It consists of several volumes and also covers algebra and number theory. It was designed to be an introduction to mathematics, and it remained an essential textbook for centuries after it was written.


In 1901, divers investigating an ancient shipwreck in the waters off Greece found an amazing artifact which has since been described as the world’s first analog, or mechanical, computer. The Antikythera Mechanism, dated to the 100s BCE, is a sophisticated mass of bronze gears that looks somewhat like a complex alarm clock. Rather than waking the ancients up in time for work, however, researchers have determined the device functioned as an astronomical calendar. More than 30 gears, housed inside a wooden box, worked together to show the positions of the sun, moon, and the five planets the ancient Greeks knew about.

Modern researchers used X ray technology to find tiny inscriptions on the device that indicate its purpose. They found words such as “Venus,” “little golden sphere” (probably the sun), and “stationary” (perhaps noting how planets seem to stop moving at times). By turning a dial, a person could choose a certain date. Gears connected to the main dial then rotated to show where celestial bodies were located on that date. Earth does not orbit the sun in a perfect circle; it travels more in an ellipse, or elongated circle.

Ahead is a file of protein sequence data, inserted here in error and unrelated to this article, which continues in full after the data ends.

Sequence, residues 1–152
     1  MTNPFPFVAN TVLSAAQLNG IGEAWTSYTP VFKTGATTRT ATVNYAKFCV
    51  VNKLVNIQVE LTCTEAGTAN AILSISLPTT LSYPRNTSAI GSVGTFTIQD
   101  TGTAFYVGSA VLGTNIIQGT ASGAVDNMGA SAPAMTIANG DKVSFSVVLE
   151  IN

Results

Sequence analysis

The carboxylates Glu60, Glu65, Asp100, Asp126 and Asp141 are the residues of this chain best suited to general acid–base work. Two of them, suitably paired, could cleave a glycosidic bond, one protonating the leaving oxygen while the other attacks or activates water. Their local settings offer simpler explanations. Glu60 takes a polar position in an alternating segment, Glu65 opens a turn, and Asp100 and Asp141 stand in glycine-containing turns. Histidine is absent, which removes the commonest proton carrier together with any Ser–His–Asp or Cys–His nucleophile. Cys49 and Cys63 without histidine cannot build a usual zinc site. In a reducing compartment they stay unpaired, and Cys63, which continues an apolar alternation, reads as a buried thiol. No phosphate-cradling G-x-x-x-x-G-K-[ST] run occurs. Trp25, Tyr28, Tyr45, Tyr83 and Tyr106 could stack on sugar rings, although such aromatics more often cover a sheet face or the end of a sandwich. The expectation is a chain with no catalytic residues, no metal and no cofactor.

The device’s creators changed the spacing on the device to account fc r this irregular pattern.

Much expense and craftsmanship went int< creating the device. Scholars believe it was probably a luxury item because it would have been easier and cheaper to calculate the astronomical cycles by hand.

Calling a Truce

The Olympics provided an opportunity to take a break from war. During the games, the Greeks observed an official truce. No wars were permitted, armies could not threaten the games, and any death sentences were put on hold until afterward. In 420 BCE, the Spartans launched an attack during the truce and were heavily fined for it after. They protested the truce had been announced after their attack. The Spartans were then banned from the games. One Spartan pretended to be from a different city and entered the chariot race, but he was caught and beaten up.